A couple years ago I remember running across a blog post by the cellist Zoe Keating. In it she laid out in fairly explicit detail where her income for the past year and come from and how much it amounted to.
Even though I’d long since put my own professional music career on the backburner, it was still really cool to see how she was earning a living and adapting to the digital landscape. In the spirit of that, I’m going to do the same thing this year and share with you all exactly how much this professional flow artist really makes.
Now, before we dive in I want to share a few caveats about the information I’m sharing.
The first is that I’ve had a lot of clients this year for a variety of different services. I’m not going to share any of their names but I will share dates and amounts of payments.
The reason for this is that I want to underscore that live as a professional artist of any sort is a very unstable one. Sometimes you have more work than you can handle and sometimes you’re eating ramen and hoping for the phone to ring.
Second is that this is not by any means intended to be representative of the income of what every professional flow artist makes. For one thing I know of several artists whose income level is equal to or exceeds my own who do it completely with performances.
I’ve made a few very specific choices in how I intended to focus my time this year and the amounts that I’ve made through different channels reflects these choices. Just because I’m making a specific amount through either Patreon or performance doesn’t mean that that’s the maximum you could make if you wanted to try your hand at either one.
Third, I am a full-time flow artist. I do not have a separate job from this so the number you’re seeing is a reflection of full time hustle. It would be very, very hard to put these same numbers together by trying to do any of these income streams part time.
Finally, I also know that making this kind of information available to the general public is one of those things that is going to be an invitation for a wide variety of criticism. I make no claims to be the best businessman, the best fundraiser, the best performer, the best anything in the flow arts.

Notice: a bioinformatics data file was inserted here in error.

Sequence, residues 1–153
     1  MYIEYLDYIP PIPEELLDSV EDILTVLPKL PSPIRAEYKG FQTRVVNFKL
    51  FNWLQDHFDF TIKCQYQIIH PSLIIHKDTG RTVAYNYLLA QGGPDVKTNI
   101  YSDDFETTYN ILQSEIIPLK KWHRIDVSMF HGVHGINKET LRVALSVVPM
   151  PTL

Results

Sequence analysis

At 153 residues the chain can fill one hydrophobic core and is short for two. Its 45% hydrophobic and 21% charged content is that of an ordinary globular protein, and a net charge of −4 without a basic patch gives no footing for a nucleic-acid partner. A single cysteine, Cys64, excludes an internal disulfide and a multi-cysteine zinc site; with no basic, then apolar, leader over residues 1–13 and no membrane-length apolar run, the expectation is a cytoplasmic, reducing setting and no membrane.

The one and only statement I’m making in creating this video is that I thought it was cool to see Zoe Keating do this sort of thing and it made me inspired to see if anybody in the flow world would also like to see data of this sort.
Are you better at this stuff than I am? Outstanding! Please share your numbers to that myself and others can learn from them.
So with that in mind I’m going to summarize what I made and go through it item by item from smallest contribution to greatest.
I started off this year by shutting down my online store for making poi. I made a video on why if you want to know, but suffice it to say that took away a major source of my income.
I had a small amount of stock left over and I tried at least one experiment this year in stocking the same kind of hippie cargo pants that I wear so often in my videos. I managed to sell almost all my old stock but the pants themselves didn’t sell very well at all.
All told I made about $400 off my online store this year.
Next were festivals. Since I was no longer vending poi, I raised my prices this year for my travel stipend requests to offset the loss of income. I knew it meant I’d travel to fewer festivals and I was totally okay with that.
Despite me increasing my rates, I still made it to five festivals this year. My profit off of teaching at those events came to a total of $558 once you take out the cost of airfare. This was about 2% of my income.
Next up is my income through ad revenue on my YouTube videos. I’ve been a YouTube partner for several years now, but this was definitely my biggest year of income through the platform.